high street bank

Do You Trust Your High Street Bank?

With the likes of Goldman Sachs and National Savings & Investments (NS&I) cutting the interest rates on savings accounts, consumers are beginning to lose trust in the value of high street banking in the UK.

“Today, the biggest threat to savings isn’t market risk. It’s the fact that a majority of Britons feel that banks have not rebuilt public trust despite over ten years of restructuring since the 2008 financial crisis. The unhappiness of customers with their high street banks is becoming cliché,” says Granville Turner, Director at Company Formation Specialists, Turner Little.

“With mobile banking set to be more popular than visiting a high street bank by 2021, it’s no wonder that consumers are starting to look further afield when it comes to managing their finances. If an offshore investment makes you a better return, and doesn’t increase or even reduces your risk, then it makes perfect sense to invest. If the same investment also saves you money in taxes or allows you to take advantage of foreign economic conditions, then again, why would you not consider it?” adds Granville.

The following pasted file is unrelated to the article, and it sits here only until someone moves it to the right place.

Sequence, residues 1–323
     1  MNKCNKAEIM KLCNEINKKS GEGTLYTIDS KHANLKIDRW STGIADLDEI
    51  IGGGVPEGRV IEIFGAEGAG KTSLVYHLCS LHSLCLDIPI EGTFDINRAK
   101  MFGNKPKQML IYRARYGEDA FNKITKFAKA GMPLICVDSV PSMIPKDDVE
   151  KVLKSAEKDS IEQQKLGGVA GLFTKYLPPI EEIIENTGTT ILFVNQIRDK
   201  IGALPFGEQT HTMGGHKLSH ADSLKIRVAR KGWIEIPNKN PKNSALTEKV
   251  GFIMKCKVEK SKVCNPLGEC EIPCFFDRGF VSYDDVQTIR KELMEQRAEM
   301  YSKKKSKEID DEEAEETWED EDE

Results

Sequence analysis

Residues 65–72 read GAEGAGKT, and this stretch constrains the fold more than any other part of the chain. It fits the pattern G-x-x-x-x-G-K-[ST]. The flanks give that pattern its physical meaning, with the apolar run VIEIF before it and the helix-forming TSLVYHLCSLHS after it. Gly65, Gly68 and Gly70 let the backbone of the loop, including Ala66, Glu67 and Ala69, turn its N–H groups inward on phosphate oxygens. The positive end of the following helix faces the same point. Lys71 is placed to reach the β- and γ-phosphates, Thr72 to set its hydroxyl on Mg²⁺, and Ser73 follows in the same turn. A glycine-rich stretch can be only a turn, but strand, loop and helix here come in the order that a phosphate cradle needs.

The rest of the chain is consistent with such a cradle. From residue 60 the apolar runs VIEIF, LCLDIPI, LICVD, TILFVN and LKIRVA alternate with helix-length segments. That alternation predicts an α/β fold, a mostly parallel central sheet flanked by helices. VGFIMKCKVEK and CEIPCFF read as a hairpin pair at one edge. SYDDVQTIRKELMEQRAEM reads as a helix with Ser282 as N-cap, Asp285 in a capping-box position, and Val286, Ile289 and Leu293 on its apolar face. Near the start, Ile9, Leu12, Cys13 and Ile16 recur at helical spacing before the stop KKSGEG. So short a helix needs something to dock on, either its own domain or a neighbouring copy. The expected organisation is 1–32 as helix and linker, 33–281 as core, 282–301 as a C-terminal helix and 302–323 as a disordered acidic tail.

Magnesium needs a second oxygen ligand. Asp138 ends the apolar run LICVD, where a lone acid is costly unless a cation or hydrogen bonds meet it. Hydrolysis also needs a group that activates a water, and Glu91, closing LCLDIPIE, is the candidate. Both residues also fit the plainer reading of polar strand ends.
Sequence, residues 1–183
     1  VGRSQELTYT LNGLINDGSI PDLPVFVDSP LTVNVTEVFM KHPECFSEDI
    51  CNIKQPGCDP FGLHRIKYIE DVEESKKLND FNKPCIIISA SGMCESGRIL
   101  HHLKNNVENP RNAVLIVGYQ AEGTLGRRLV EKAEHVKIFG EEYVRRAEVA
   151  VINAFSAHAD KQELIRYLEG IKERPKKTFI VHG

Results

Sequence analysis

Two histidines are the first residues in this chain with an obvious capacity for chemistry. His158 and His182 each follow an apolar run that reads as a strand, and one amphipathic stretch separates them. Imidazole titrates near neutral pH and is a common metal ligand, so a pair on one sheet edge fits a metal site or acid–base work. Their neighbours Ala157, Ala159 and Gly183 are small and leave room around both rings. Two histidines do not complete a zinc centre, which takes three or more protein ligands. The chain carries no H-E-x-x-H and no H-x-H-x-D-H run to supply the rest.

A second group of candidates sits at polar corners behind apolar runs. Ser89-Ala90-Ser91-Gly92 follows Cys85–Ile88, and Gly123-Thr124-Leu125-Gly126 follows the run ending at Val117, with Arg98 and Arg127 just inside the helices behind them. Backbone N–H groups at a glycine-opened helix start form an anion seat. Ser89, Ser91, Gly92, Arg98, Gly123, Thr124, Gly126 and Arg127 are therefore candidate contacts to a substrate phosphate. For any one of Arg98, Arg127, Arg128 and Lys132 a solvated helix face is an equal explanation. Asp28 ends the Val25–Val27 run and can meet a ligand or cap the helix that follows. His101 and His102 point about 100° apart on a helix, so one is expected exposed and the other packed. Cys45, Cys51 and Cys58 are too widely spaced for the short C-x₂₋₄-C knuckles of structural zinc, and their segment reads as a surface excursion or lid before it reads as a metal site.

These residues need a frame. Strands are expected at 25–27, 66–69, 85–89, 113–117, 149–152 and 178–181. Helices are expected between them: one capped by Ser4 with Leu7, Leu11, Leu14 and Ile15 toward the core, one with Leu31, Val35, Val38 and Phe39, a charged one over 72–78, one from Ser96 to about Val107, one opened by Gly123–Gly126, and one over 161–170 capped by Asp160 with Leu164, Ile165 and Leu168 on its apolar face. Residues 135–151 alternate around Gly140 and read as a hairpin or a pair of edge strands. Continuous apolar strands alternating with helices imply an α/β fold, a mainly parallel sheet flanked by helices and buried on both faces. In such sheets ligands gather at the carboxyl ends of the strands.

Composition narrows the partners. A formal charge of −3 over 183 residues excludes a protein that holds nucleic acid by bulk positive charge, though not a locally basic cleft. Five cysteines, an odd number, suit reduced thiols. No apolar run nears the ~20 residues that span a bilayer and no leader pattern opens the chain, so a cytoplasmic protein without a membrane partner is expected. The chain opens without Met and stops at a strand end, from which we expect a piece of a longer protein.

Offshore accounts are often multi-currency accounts, and can be opened by anyone over the age of 18. Whilst it’s often necessary to invest at least £500 or, in exceptional cases, £10,000 to open an offshore savings account, there are many that require a minimum deposit of just £1. A common perception is that some of the most common offshore accounts available to UK-based savers are in the Channel Islands or the Isle of Man, but this is not the case, and anyone considering an offshore account might be well advised to look further afield.

Offshore accounts are often available with both variable and fixed interest rates, and offer easy access to your funds. Whilst there are a number of strict checks in place to prevent offshore accounts falling foul of criminals who want to evade tax, opening an account is easier then it seems, providing you meet the minimum requirements set by the bank you choose.

“Whilst offshore accounts may not be for everyone, this rapid rate of technological change is set to continue over the coming decade, as people embrace the ever-widening number of ways to manage their finances, depending on their needs and lifestyle,” says Granville.

Posted by Susannah Griffin